- How did Augustus present himself on his Parthian triumphal arch in the Forum?
- The Parthian Arch of Augustus shows how the Emperor receives the lost standards of Crassus. Augustus is depicted in a triumphal chariot and such a portrayal emphasizes his similarity to an ancient god Mars (Elsner 47).
- In the Forum of Augustus, how did Augustus identify himself with the past?
- The Forum of Augustus was supposed to demonstrate Augustus had been a rightful heir of the Rome’s founders and the major leaders of the state (Elsner 48). This forum included the statues of Aeneas, Romulus, as well as Julius Caesar.
- What was inscribed on two bronze pillars at the entrance to Augustus’ mausoleum?
- The two bronze columns bore the inscription which was known as Res Gestae. This Latin expression can be translated as the things done (Elsner 48). This inscription was supposed to highlight the major achievements of Augustus, for instance, his military successes.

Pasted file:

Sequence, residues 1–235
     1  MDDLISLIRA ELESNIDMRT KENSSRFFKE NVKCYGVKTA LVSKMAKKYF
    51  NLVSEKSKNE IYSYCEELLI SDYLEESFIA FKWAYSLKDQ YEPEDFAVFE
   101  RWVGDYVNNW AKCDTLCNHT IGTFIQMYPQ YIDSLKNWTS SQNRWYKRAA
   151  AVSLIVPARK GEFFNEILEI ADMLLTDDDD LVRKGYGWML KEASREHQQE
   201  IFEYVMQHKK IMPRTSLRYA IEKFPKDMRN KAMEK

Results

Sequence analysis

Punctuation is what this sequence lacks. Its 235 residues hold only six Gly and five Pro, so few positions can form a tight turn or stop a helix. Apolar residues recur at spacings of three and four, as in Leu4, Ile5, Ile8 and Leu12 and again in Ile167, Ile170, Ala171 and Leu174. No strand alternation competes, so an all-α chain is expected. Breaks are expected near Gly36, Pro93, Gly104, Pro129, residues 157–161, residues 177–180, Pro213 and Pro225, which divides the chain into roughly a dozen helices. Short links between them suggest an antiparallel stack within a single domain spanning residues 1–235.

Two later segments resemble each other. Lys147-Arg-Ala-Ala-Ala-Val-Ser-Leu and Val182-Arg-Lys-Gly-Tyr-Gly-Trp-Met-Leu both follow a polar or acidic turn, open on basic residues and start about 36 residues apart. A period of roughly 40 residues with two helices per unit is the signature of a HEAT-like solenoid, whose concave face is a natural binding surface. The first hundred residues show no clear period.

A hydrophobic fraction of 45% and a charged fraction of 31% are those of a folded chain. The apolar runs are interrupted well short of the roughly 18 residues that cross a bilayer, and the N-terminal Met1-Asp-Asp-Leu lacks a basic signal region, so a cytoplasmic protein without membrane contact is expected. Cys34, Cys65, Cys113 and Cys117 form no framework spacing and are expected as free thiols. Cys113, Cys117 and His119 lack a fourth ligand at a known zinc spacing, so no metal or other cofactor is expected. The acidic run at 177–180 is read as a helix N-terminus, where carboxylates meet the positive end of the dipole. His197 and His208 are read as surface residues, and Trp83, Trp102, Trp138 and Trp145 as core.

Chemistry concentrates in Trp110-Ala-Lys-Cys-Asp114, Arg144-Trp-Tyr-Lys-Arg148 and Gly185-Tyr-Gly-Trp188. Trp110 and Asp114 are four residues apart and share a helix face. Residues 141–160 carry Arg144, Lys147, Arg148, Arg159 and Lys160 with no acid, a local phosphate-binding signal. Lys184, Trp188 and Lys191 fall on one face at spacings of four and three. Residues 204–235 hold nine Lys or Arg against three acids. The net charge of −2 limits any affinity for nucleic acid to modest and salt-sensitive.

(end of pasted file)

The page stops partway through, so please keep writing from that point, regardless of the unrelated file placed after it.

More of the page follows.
- Briefly describe Augustus’ new moral laws. What did they attempt to control?
- The so-called moral laws introduced by Augustus were aimed at controlling the family life of Roman citizens (Bowman 101). According to them, marital infidelity was a public and private crime. Additionally were supposed to promote the population growth. For example, a marrying-age individual was not allowed to received heritage, if he/she refused to marry.
- What is the moral message of the Ara Pacis?
- Ara Pacis was supposed to convey a message about the moral and cultural values of Rome. For instance, the sculptural complex includes the statue of Livia Drusilla who is supposed to represent the moral codes that Roman women had to adhere to (Bowman 102). Again, one should focus that Augustus paid attention to marital fidelity and willingness to support the initiatives of the emperor.